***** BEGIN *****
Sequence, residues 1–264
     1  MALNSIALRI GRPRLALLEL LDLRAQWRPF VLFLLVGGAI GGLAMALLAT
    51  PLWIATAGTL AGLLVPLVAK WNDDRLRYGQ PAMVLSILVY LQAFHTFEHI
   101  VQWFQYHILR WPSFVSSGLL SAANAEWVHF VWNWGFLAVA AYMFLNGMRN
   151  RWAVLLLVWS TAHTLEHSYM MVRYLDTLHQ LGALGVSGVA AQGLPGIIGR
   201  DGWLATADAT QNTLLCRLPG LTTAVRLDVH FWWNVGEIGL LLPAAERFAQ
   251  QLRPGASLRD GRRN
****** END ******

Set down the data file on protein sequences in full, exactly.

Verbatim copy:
Sequence, residues 1–264
     1  MALNSIALRI GRPRLALLEL LDLRAQWRPF VLFLLVGGAI GGLAMALLAT
    51  PLWIATAGTL AGLLVPLVAK WNDDRLRYGQ PAMVLSILVY LQAFHTFEHI
   101  VQWFQYHILR WPSFVSSGLL SAANAEWVHF VWNWGFLAVA AYMFLNGMRN
   151  RWAVLLLVWS TAHTLEHSYM MVRYLDTLHQ LGALGVSGVA AQGLPGIIGR
   201  DGWLATADAT QNTLLCRLPG LTTAVRLDVH FWWNVGEIGL LLPAAERFAQ
   251  QLRPGASLRD GRRN